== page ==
Making a Claim Against the City - Diamond and Diamond Lawyers
  • Friday, 15 September 2017

Making a Claim Against the City

#AskMichaelBlois

As a general rule, if you are injured due to the negligence of another person or entity, you have the right to make a claim for compensation against that party. If the entity you wish to sue is a city or municipality in Ontario, you must speak to a personal injury lawyer, and you must do so right away. Waiting could leave you with no recourse and without compensation.

The Ontario Municipal Act and how it controls your claim

Whether your claim for compensation is for personal injuries or for damage to your personal property, such as your car, the process of filing a claim against a municipality in Ontario is controlled by the Municipal Act. If you slip and fall on your neighbor’s icy sidewalk, you should see a lawyer right away, but you have up to two years to sue the property owner. When the city is responsible for the sidewalk, there is a step you must take right away.

If your fall happened on a sidewalk maintained by the city of Toronto, you had better get to your lawyer’s office immediately because you only have 10 days from the date of your accident to serve the city with written notice of the claim. Yes, you read that correctly, your lawyer has only 10 days from the accident to send a formal, written notice to the municipality by registered mail to protect your rights.

Failing to comply with the law by giving notice to the city or other municipality within the 10 days might destroy your claim for compensation. Judges have the authority to forgive late notice as long as there is a reasonable excuse offered for failing to follow the legal requirements, and there is no prejudice to the city. The best course of action, however, is to file the required notice within the 10 days and not be forced to seek relief from the courts.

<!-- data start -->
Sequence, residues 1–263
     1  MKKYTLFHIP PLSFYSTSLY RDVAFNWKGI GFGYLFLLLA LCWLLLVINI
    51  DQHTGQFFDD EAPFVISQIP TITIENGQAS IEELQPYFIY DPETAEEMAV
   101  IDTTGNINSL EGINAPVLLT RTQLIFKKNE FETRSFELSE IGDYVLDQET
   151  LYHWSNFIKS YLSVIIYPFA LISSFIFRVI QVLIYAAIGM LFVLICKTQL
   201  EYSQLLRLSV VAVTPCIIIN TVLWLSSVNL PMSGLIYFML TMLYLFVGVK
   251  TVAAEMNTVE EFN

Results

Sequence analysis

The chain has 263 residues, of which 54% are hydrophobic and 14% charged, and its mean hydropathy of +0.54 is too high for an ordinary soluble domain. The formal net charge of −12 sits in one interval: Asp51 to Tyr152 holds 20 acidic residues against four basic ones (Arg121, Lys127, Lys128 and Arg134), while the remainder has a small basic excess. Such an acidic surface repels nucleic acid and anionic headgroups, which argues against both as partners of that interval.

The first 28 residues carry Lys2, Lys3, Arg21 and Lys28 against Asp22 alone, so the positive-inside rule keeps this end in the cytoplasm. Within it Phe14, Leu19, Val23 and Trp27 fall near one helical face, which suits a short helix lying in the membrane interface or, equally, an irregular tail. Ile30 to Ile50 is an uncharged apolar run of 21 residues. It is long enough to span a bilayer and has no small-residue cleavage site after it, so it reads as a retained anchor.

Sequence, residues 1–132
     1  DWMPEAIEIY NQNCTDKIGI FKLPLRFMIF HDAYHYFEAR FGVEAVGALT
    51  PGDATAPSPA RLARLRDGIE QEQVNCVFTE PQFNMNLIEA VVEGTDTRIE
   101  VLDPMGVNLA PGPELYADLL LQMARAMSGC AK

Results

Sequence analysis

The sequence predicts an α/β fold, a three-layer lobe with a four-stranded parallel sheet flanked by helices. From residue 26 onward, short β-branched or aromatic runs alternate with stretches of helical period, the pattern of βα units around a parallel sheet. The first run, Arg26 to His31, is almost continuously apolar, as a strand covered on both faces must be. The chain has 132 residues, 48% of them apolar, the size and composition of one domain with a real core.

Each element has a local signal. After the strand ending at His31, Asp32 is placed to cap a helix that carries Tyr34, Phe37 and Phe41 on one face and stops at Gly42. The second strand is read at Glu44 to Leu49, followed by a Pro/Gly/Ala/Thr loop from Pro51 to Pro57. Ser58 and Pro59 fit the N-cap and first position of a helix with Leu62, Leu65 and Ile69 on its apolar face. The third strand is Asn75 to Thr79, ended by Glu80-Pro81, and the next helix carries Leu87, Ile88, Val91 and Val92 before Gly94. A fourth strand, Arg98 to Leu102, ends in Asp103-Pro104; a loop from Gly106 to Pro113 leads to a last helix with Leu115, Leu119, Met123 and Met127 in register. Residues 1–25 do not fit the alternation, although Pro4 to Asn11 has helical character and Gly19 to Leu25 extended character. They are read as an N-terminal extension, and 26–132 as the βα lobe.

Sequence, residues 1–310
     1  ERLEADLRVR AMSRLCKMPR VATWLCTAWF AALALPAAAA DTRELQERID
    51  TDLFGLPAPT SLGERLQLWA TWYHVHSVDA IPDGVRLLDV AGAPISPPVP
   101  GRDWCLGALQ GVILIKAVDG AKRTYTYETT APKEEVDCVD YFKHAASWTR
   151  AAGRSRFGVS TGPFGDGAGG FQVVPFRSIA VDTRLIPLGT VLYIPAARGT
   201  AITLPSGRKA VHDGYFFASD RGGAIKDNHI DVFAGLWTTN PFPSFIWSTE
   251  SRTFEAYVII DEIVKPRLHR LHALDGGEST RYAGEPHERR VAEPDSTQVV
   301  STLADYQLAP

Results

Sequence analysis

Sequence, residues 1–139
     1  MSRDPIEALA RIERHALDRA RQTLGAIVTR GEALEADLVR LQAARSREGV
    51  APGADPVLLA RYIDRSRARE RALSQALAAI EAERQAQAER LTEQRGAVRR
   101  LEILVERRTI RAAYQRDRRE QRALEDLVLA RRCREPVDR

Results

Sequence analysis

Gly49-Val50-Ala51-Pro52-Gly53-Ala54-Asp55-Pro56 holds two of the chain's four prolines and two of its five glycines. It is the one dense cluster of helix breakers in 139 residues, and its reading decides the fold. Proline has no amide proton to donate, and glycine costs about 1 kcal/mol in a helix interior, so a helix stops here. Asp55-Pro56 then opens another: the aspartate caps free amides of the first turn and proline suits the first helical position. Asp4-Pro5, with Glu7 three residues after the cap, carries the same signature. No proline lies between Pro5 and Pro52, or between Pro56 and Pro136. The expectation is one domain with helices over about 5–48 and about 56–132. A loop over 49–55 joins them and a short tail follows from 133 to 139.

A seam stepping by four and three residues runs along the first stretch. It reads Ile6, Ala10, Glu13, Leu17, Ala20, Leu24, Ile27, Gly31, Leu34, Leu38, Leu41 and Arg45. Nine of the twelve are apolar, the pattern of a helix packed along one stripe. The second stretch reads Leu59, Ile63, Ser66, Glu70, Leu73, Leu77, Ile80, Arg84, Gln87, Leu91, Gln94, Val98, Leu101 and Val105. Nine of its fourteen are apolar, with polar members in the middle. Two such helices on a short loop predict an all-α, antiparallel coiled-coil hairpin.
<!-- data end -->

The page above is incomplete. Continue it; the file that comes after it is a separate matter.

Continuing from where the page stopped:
Different standards depending on the type of claim

When an accident occurs and you file a notice, the city or municipality will conduct an investigation to determine if it was at fault. Negligence on the part of the municipality is required when the claim is for damage to personal property, such as the following:

  • Cars
  • Trucks
  • Bicycles
  • Buildings
  • Fences

If the claim is for personal injuries from falling on a snow covered or icy sidewalk maintained by the municipality, the standard rises to gross negligence in order to recover compensation. Cases decided by the Supreme Court of Canada have defined gross negligence as being far greater than ordinary negligence. Whether gross negligence exists on the part of a city has been left to a review of the facts on a case by case basis. However, it appears as though knowledge of the condition by the municipality is a factor, but not necessarily a controlling factor, in cases in which gross negligence has been proven.

What to do to protect your right to sue

If you have been injured or suffered damage or losses to property, you should take pictures of the condition causing your accident; note the date, time and location; and obtain the names and contact information for any witnesses. This information can be used by your lawyer to prepare the written notice to send to the city or municipality.

Contact a personal injury lawyer immediately for claims against the city

The personal injury lawyers at Diamond and Diamond know the laws pertaining to claims against municipalities and cities for property damage and personal injuries and will file the notice required under the law to protect your right to sue for compensation. Call our 24/7 injury hotline at 1-800-567-HURT or visit our website to speak to someone now about your claim. Remember, delaying could cost you the right to compensation. Our consultations are free, and we have offices located throughout Ontario.

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